STAFF NEWS & ANALYSIS
Robert Gates Sets New Global War
By Staff News & Analysis - February 03, 2010

Defense Secretary Robert Gates (pictured left) is urging Congress to approve the Obama administration's $768.2 billion Pentagon budget request, saying America needs "a broad portfolio of military capabilities." Gates joined Adm. Mike Mullen, chairman of the Joint Chiefs of Staff, in outlining fiscal 2011 budget proposals to the Senate Armed Services Committee. Gates said the United States must "prepare for a much broader range of security challenges on the horizon." He said a continuing threat of terrorism from "nonstate groups," is among the challenges. And Gates added that such 21st century threats "transcend the familiar contingencies that dominated U.S. planning after the Cold War." He said the proposed budget justifiably exempts defense from spending freezes President Barack Obama is seeking for other government agencies and activities. – Washington Post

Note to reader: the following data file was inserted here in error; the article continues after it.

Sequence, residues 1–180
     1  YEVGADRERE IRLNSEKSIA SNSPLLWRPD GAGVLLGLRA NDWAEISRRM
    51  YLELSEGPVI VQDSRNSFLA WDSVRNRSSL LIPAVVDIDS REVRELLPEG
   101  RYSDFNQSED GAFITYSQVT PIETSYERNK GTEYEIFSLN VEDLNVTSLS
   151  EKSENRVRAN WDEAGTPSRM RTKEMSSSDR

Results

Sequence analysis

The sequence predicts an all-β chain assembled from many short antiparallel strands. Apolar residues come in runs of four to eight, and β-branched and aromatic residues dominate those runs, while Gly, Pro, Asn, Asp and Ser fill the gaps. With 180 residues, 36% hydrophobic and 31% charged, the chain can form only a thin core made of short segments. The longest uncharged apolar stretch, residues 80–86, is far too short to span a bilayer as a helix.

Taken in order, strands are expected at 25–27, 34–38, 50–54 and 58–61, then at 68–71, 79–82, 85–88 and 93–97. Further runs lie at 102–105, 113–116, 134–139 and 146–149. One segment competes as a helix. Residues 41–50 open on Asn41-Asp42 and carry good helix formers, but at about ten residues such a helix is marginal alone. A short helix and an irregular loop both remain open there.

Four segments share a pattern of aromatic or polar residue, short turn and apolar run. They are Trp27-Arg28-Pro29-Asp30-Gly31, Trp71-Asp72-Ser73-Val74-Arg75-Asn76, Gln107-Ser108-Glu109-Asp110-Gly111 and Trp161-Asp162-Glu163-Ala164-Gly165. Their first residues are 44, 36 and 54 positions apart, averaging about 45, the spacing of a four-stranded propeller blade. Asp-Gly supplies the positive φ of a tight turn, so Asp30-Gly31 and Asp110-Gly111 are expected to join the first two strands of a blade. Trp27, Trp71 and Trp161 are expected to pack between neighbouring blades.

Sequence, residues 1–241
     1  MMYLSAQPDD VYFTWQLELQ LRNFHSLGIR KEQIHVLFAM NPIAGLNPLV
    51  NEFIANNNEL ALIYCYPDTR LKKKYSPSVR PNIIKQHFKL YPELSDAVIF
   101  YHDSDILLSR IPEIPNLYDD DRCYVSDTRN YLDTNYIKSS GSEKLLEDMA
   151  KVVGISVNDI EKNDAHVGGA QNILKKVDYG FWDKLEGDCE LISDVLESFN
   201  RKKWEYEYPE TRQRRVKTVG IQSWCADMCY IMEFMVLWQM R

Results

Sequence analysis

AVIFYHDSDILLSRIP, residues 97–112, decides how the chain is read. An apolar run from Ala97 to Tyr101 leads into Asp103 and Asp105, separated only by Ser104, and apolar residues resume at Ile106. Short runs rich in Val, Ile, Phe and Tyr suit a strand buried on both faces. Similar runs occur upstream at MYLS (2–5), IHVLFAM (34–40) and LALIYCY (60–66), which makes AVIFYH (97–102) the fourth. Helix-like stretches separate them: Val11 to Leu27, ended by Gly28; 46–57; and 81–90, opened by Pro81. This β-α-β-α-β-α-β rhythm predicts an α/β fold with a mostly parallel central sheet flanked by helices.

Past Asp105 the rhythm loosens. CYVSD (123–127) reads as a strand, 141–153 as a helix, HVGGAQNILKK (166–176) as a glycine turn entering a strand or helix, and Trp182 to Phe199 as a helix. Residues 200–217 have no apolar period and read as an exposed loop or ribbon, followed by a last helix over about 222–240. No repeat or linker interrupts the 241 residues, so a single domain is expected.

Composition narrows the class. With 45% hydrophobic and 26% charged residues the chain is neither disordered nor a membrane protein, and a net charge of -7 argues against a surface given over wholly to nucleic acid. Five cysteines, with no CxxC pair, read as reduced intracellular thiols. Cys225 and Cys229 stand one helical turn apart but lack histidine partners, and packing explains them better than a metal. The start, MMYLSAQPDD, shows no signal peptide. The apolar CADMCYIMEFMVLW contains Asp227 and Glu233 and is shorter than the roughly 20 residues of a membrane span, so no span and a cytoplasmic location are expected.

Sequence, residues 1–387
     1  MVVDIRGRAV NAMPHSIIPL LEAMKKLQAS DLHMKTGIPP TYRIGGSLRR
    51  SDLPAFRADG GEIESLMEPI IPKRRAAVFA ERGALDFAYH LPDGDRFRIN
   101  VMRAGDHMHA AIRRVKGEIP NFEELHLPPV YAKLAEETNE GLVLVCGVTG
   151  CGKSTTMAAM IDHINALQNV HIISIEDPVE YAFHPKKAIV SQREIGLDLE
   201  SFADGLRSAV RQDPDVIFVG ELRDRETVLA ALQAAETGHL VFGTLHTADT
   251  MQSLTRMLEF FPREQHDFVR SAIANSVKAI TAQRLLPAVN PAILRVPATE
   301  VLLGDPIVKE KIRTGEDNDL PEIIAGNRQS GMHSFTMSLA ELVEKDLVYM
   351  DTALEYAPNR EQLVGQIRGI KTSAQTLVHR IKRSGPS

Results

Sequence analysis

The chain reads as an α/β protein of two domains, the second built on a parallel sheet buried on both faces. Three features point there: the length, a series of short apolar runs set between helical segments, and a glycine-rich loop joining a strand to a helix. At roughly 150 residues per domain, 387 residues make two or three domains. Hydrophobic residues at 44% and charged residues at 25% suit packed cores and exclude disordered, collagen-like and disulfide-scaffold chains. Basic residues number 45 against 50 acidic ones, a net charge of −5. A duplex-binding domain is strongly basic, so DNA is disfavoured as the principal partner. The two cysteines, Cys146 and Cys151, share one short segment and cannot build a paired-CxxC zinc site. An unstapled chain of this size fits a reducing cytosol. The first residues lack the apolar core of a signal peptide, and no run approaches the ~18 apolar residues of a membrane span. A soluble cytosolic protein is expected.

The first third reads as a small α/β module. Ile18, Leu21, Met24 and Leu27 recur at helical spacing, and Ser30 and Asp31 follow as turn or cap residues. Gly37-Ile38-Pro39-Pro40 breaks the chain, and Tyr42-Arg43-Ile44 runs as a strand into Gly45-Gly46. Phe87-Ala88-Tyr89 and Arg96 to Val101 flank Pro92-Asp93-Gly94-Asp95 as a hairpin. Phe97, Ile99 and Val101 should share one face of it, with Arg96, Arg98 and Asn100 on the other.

Dominant Social Theme: Sadly, the new Cold War is upon us.

Free-Market Analysis: Wow, this is news. Maybe Gates has said this before, but we're not aware of it, or not like this. His speech seems to be positioning nonstate terrorism as a definitive fulcrum of a new cold war. That's some budget request!